Order of Malta participates in large-scale rescue efforts after German floods
“It’s like a war scenario: there’s no water, no electricity, no internet connection and many roads are impassable.” These are the dramatic eye-witness accounts from the North Rhine-Westphalia and Rhineland-Palatinate regions, devastated by the incessant rains that have fallen in the last 48 hours on north-west Germany.
The intense rainfall has caused catastrophic floods and rivers to overflow. At the moment the death-toll is 100 and dozens are still missing. Numerous homes have been destroyed and hundreds of people have had to be evacuated.
Both Malteser Hilfsdienst (Order of Malta’s relief corps in Germany) and Malteser International (Order of Malta’s international relief agency) immediately mobilised a large number of volunteers. “The situation in Rhineland-Palatinate and North Rhine-Westphalia is very serious and still evolving. The lives of people affected by the floods, as well as the rescuers and firefighters, are in danger, ” said the Georg Khevenhüller, Malteser Hilfsdienst’s president. “We’re also thinking about the victims’ relatives.”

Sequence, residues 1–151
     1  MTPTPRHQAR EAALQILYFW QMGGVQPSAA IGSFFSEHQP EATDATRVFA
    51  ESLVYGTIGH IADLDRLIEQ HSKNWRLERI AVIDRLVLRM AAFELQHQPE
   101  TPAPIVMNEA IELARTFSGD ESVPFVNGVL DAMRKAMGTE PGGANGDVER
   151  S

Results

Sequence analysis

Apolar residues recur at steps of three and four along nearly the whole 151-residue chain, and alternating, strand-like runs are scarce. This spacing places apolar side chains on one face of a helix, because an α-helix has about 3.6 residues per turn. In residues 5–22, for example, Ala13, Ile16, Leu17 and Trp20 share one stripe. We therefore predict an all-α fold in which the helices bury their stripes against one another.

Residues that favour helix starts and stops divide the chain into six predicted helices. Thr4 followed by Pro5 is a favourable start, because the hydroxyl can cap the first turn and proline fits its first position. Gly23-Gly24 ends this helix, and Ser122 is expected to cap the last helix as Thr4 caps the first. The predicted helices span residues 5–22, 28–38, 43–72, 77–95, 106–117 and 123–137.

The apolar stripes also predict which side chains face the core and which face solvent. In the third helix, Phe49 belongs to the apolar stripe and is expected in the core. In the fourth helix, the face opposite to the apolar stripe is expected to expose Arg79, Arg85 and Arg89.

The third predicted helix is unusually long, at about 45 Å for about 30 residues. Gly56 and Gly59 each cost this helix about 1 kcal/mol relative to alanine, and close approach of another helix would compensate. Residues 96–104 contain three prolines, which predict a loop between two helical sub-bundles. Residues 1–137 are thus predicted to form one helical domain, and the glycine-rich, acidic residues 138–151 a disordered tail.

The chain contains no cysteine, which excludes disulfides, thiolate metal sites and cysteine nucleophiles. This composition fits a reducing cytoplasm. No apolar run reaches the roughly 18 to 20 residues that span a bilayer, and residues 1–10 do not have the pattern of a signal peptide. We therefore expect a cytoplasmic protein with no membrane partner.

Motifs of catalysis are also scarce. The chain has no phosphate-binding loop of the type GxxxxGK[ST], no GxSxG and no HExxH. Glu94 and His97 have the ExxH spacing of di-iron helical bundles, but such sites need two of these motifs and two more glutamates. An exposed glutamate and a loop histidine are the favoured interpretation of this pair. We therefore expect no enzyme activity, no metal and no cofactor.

In addition to the actual rescue operations, Malteser provides food and assistance to firefighters, to civil protection officers, divers and police and also organizes rest areas. Moreover, chaplains and specifically-trained volunteers provide psychosocial support for the emergency services, since many rescuers are facing this kind of disaster for the first time.
In Hagen, the Malteser helped evacuate ventilated patients, and in Solingen eleven elderly people were transported to the Order of Malta’s St. Antonius senior-care facility. “Of course, we responded quickly to our colleagues’ request for help. In an emergency situation like this, it’s important to offer immediate help, also with short-term solutions,” says Bianca Janssen, head of nursing at St. Antonius.
Viewing the situation, President Khevenhüller once again proposed that more Order of Malta volunteers be integrated into civil protection: “The Covid-19 pandemic and the floods with their terrible consequences have made us realize that we need to focus more on prevention. Every contribution is important and useful.”